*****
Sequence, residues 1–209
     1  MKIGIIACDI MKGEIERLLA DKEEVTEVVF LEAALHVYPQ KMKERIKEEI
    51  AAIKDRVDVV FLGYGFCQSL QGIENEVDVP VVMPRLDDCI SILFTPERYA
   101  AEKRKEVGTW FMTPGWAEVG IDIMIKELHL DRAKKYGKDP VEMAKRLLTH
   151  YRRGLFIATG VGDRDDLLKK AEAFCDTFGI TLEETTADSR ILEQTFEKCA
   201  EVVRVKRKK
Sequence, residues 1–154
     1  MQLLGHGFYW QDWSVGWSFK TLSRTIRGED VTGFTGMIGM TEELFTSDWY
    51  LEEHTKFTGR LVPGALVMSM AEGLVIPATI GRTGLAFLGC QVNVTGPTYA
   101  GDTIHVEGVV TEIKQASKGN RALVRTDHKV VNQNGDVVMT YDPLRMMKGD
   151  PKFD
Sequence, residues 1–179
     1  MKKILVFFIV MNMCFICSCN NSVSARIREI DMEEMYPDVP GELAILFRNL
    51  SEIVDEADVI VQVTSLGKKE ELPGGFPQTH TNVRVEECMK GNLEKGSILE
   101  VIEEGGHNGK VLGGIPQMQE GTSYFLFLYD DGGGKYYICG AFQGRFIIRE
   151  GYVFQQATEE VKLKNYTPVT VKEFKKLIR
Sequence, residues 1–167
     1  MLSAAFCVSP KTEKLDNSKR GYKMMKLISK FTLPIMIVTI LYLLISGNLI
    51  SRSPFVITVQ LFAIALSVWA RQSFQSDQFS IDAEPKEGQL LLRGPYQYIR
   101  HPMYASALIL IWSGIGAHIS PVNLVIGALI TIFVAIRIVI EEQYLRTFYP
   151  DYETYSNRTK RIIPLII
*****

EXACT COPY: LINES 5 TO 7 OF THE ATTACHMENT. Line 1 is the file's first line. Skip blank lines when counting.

   151  YRRGLFIATG VGDRDDLLKK AEAFCDTFGI TLEETTADSR ILEQTFEKCA
   201  EVVRVKRKK
Sequence, residues 1–154